Andover Townsman, Andover, MA

December 12, 2013

Waiting and hoping for answers on Magee murders

The Andover Townsman

---- — Two years have passed since Andover grandparents John and Geraldine Magee were found shot to death, execution style, in their million-dollar home on Orchard Crossing.

Their daughter found her parents dead when she showed up the morning of Dec. 14, 2011 to drop their grandchildren off for them to baby-sit.

News of their murder hit hard in the upscale neighborhood, which the Magee family’s construction business had developed, and throughout the community.

At once, authorities were quick to rule out that the killings were random — there was no sign of forced entry and nothing was stolen from the home. They quickly sought to set the public’s mind at ease that they should not fear for their safety.

But while it follows then that the suspects were somehow known or connected to the couple, there has been little else said about the circumstances of their murders and who may have wanted them dead.

One year into the case, the Essex County District Attorney’s office and Andover Police Department appealed to the public for any information that could potentially lead to some answers.

It appears they heard little, because this week they renewed that same request while also reiterating that the two agencies are still actively investigating the double homicide.

Retired Police Chief Brian Pattullo and current Police Chief Patrick Keefe both refute that the case has gone cold. And District Attorney Jonathan Blodgett assured that the investigation “remains active and a high priority.”

“We will continue to pursue every lead until we find the person or persons responsible for this tragic murder and seek justice for the Magee family in court,” Blodgett said in this week’s statement.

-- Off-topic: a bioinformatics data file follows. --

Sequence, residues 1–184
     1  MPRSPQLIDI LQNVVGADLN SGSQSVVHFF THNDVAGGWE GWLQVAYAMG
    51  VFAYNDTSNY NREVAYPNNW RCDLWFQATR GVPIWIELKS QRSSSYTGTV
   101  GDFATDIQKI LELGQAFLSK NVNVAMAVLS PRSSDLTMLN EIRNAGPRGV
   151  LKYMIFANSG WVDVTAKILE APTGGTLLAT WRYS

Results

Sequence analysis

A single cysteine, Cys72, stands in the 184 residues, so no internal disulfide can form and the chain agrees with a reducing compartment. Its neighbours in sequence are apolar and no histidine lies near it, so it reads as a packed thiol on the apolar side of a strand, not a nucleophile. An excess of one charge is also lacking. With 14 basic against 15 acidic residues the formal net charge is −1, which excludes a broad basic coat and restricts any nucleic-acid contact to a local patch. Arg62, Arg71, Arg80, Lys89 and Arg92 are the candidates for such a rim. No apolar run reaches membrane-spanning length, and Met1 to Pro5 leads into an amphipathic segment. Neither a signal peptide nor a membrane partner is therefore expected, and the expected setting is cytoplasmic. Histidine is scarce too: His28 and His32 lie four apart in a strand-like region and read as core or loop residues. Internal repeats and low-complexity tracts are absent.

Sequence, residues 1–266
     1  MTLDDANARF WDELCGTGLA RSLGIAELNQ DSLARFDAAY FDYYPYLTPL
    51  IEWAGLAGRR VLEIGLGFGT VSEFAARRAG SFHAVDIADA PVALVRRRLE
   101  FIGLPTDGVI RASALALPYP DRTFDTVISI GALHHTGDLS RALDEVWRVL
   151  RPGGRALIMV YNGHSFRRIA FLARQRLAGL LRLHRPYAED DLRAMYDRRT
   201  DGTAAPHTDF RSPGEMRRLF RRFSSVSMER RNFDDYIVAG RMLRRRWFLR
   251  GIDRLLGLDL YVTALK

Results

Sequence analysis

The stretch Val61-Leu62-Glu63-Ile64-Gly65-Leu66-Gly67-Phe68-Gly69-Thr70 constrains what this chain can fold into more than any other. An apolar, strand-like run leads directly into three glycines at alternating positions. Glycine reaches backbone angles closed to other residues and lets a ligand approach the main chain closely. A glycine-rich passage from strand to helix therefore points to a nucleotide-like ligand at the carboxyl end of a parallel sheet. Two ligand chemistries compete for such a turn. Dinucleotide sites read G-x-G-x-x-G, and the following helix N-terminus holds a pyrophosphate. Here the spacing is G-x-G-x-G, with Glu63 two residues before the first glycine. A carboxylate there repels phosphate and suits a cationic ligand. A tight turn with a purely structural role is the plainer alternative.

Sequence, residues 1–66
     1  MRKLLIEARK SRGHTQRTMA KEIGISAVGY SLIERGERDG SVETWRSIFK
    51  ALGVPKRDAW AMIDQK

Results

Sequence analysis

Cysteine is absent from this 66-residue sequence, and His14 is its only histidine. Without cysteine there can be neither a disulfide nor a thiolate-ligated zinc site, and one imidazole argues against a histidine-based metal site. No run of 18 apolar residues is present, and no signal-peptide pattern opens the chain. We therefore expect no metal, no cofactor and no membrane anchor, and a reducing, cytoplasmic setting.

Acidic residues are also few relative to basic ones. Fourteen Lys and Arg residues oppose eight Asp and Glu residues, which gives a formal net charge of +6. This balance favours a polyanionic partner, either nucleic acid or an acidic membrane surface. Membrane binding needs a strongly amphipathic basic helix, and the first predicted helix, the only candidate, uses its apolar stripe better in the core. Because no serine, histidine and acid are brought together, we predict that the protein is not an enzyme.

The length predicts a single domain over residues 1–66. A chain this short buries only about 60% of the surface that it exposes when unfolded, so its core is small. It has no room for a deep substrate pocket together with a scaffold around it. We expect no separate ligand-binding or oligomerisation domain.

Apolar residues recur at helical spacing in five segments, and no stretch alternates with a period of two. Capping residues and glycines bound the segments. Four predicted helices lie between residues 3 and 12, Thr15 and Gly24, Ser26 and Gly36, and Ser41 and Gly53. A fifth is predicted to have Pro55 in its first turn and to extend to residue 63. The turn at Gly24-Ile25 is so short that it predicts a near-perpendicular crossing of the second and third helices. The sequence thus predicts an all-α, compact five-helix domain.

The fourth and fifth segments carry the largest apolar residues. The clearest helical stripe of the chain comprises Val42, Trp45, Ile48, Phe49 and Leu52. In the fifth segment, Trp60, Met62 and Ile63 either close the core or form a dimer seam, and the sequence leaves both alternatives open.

That may be. But Blodgett nor anyone else in his office were taking interviews on the case. And Blodgett again said “specific details about the investigation cannot be released at this time.”

It’s hard to imagine that anyone in the general public with information hasn’t come forward by now. And it at least appears that those who may have details are not inclined to share them.

Perhaps if some of those details came to light — some background or clues as to potential motive — it might offer some ideas of what areas law enforcement authorities are looking into and lead someone to perhaps be able to connect the dots.

On the one-year anniversary last year, a local crime expert said about one-third of murders — whether committed by an acquaintance or a stranger — are never solved.

But he did say without warning, police can receive a random call or tip that blows the case wide open. The thinnest thread can unravel the entire puzzle, he said.

“It’s also possible that somebody will get arrested for something else and they say, ‘I have information.’ Loyalties become strained,” said Larry Siegel, a criminology author and criminal justice professor at the University of Massachusetts at Lowell, speaking generally about murder investigations.

Let’s hope that happens with the Magee killings. Until then, all their family can do is wait and hope that someone who knows something decides to come clean.

An arrest or arrests in the case won’t change the outcome. The Magee family has lost their parents and grandparents. But in all criminal cases, solving the case provides closure. And without closure, the unanswered questions will continue to haunt not only John and Geraldine Magee’s relatives — but the community — which will always feel a little uneasy knowing that two residents were killed so brutally in the privacy of their own Andover home.